Event photographers enjoy the benefit of moving workplaces every shoot. It is a very fun type of photography, giving you a chance to network and be in a new place every time. However, it is also very high-pressure and high-stress. Event photographers are often tasked to document once in a lifetime moments, including weddings, concerts, graduations, or birthdays. Clients expect the best results, which can be met with a lot of planning and collaborating with them. Great event photographers are very organized and can grace under a lot of pressure. They are also big purchasers of extra gear, like tripods, lighting equipment, flashguns, and a versatile camera trigger like the MIOPS Smart+ camera trigger among others.
6. Street Photography
A successful street photographer has a keen eye for detail and is very sensitive to his or her environment. These photographers can create artistic pictures in a busy street or place with a lot of things happening. Some of them wait on a corner until something interesting catches their eyes. Needless to say, they are naturally observant, patient, and discreet when shooting. Street photographers often carry a mirrorless camera because they are smaller than DSLRs. A prime lens, typically a 50mm or 35mm, is usually what they use. They are masters of light and composition and embrace imperfections because of the raw nature of the niche.
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7. Weather Photography
Weather photography requires some knowledge of reading storms and choosing a great spot to wait for lightning to strike, so to speak. They are also very skilled, knowing which settings to dial up and down depending on how the light looks like. Weather photographers scout the area and how to keep themselves safe during the shoot.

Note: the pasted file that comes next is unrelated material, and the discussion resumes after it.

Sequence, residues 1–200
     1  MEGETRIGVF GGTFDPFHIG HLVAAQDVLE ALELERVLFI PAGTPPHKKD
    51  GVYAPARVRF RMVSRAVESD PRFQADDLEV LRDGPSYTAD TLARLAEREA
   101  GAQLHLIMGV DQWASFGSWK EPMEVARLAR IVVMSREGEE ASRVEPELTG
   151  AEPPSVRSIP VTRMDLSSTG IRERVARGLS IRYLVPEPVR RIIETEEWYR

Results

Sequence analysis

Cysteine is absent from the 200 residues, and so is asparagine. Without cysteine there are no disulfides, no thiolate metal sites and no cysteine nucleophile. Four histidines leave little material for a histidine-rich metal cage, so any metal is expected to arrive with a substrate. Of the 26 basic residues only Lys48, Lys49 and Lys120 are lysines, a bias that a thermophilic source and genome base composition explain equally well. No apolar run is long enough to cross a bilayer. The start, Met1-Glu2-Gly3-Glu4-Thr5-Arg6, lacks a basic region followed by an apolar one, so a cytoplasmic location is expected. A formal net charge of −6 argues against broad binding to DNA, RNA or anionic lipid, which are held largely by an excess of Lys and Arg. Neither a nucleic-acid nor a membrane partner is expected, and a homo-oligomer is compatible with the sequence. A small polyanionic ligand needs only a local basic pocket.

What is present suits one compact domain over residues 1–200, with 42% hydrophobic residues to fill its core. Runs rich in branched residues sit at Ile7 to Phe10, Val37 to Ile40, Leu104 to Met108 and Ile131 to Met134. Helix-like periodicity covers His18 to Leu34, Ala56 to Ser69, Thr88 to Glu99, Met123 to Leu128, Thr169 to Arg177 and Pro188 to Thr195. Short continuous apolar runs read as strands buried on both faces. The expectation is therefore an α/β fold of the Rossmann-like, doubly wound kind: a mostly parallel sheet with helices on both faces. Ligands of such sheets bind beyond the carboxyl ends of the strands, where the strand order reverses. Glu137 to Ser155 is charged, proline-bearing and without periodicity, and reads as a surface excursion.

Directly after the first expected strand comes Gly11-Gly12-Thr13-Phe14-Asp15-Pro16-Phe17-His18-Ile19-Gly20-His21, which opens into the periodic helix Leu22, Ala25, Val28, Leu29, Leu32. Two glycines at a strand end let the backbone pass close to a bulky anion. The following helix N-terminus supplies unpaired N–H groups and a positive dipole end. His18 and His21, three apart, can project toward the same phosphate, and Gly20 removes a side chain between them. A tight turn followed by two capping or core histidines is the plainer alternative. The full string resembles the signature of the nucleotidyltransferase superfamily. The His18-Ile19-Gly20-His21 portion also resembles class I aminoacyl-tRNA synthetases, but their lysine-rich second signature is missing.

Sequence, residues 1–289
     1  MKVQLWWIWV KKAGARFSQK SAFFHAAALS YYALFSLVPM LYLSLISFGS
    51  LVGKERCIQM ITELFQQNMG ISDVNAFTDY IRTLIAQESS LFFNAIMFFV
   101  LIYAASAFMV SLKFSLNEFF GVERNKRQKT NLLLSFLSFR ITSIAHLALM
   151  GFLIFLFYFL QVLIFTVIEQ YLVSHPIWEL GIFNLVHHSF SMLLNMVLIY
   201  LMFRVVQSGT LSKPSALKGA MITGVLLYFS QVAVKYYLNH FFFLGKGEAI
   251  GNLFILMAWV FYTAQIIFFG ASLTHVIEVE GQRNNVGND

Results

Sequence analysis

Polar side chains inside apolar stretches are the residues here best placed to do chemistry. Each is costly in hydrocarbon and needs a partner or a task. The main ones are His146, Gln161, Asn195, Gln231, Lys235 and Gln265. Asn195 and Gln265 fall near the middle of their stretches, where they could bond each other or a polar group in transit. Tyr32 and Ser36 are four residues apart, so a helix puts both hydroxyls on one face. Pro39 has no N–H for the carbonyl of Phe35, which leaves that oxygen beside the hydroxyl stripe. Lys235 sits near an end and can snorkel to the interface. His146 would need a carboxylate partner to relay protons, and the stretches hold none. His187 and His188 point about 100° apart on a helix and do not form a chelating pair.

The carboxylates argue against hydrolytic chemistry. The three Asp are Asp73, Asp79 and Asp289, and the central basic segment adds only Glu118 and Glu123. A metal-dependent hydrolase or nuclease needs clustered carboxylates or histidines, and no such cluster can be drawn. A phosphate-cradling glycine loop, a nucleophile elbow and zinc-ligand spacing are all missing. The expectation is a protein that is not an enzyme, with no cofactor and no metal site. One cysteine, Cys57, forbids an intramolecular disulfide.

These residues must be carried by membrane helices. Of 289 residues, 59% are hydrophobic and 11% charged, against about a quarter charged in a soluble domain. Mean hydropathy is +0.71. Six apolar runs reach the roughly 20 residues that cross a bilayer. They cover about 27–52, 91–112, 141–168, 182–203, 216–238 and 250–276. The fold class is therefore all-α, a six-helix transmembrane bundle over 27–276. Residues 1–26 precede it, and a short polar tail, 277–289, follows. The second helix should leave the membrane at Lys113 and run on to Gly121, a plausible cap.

To begin your career in weather photography, get ready to master your camera’s settings and invest in a durable tripod, a camera cleaning kit, a rain cover, and a high-speed camera. If this is not readily available to you, you can choose to have a MIOPS Smart+ Camera Trigger, which has a lightning mode that is perfect for weather photography.
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Photojournalism’s primary purpose is to capture photographs that will be published for a significant news event. Photojournalists are usually with a media outfit or affiliated with magazines and book publishers. Because their photos are published, photographers tend to be paid well, making this niche a very lucrative one.
These eight niches are just some of the multitude of choices you have. How to choose one niche to stick to? There is really no other answer to this other than to try each one out. See which ones you enjoy, and which one you do not. The important thing in this process is to find which one you enjoy doing despite the difficulties. Initially, you do not have to settle in just one niche and practice all that you enjoy. However, if you intend to be a great photographer, you will eventually have to choose just one that you can improve and evolve into a career in the future. A few questions that you will have to ask yourself: What skills do I have? What equipment will I have to buy? Does this niche fit my personality? Is it something that I will be enjoying in the long run?
Keep these in mind when you finally find yourself in the position of having to choose one for your professional career. Once you have found the niche that suits you, build a portfolio. Above all else, it is still your product that will set you apart from any photographer, no matter what niche you will be in.